Could you please highlight the key milestones of your company?

Tsuneishi group started its shipping operations in 1903.  The shipbuilding activities started in 1917, meaning last year marked our 100th anniversary. Not many companies have overseas shipbuilding operations, but we have been present in the Philippines since 1994. In Shanghai, we started operations in 2003 with the creation of Tsuneishi Group Zhoushan Shipbuilding Inc. In addition, we also started operations in Paraguay in 2008, building different kind of barges for river transport.

 

How is your company contributing to creating an greener world?

In the shipbuilding industry, there are two distinctive features that we take into account. The first one is saving energy. Our target here at Tsuneishi Shipbuilding is to reduce Co2 emissions by 40% by 2020 in comparison to 1990. We are currently at about 30%, but we aim for the 40% reduction.

 

Both domestically and abroad, your company faces tough market competition, with industrial giants and local competitors also wanting to get their slice of the pie.
What are the competitive advantages of Tsuneishi Shipbuilding?

Firstly, we take customer satisfaction extremely seriously. Secondly, as I’ve mentioned before, we undertake extensive market research in order to be up to date with the latest trends, and to be able to identify the customers needs immediately. In addition, one of our advantages at Tsuneishi Group is that we offer shipbuilding and shipping operations. This is of course a huge advantage.

 

At the eve of the 4th Industrial Revolution, many industries are experiencing tremendous changes due to innovative technologies, such as factory automation, IoT and AI. Do you utilize such technology here at Tsuneishi Shipbuilding?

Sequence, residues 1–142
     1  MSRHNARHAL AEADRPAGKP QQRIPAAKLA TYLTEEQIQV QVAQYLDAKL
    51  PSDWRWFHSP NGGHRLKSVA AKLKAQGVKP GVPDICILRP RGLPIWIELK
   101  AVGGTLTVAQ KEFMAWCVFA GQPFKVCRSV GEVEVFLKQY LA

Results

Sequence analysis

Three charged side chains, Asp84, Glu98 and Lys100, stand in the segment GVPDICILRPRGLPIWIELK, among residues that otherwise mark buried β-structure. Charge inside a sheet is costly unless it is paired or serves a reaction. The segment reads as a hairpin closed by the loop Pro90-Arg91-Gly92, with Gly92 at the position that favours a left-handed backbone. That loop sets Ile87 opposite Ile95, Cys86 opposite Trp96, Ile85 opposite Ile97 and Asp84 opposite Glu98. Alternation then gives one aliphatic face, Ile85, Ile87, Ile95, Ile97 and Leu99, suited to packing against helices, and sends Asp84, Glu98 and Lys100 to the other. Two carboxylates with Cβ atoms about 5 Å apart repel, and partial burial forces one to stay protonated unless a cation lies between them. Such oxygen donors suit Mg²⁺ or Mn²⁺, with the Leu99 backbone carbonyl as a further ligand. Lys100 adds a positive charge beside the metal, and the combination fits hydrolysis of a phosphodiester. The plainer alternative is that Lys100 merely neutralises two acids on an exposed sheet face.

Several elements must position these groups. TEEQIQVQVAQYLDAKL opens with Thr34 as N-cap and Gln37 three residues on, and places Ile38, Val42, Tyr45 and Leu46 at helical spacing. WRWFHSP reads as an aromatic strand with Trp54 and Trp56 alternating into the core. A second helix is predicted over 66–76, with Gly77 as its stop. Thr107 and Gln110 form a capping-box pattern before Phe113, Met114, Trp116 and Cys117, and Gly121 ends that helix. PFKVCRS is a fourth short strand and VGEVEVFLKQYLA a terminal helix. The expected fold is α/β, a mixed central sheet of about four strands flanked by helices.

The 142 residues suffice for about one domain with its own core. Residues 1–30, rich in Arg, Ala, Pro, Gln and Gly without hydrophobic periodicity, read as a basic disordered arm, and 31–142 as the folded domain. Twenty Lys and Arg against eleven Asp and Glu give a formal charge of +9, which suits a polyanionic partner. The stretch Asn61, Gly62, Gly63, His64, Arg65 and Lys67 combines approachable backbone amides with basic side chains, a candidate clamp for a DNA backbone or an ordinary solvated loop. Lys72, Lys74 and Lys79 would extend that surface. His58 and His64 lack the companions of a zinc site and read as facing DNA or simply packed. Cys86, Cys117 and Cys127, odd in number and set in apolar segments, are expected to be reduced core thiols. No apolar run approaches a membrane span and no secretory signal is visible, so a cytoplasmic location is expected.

We are currently partnering with different universities in order to start using robots in our shipbuilding operations. For example, we have been collaborating with Hiroshima University since 2004 and Carnegie Mellon University in American. We also are collaborating with Kyushu University in order to develop laser-arc hybrid welding.

 

Throughout the years, your company has expanded beyond the Japanese border. Today, we can find your group all throughout Asia, with subsidiaries in the Philippines, China and Singapore. What regions have the highest growth potential and why?

As I mentioned before, the shipbuilding industry fluctuates very rapidly. However, the ASEAN region has huge potential. Take Indonesia for example, with its 17,000 islands, or the Philippines with its 7,000 islands. All these countries are going to need ships once they have developed their infrastructure.

 

What will be your mid-term strategy to pursue corporate growth?

I believe that listening to our customers and being able to build the ship that will satisfy them is essential to build a long and fruitful relationship with our clients, and therefore to continue corporate growth. I am very proud that our vessel, the TESS and the KAMSARMAX are becoming references in the world.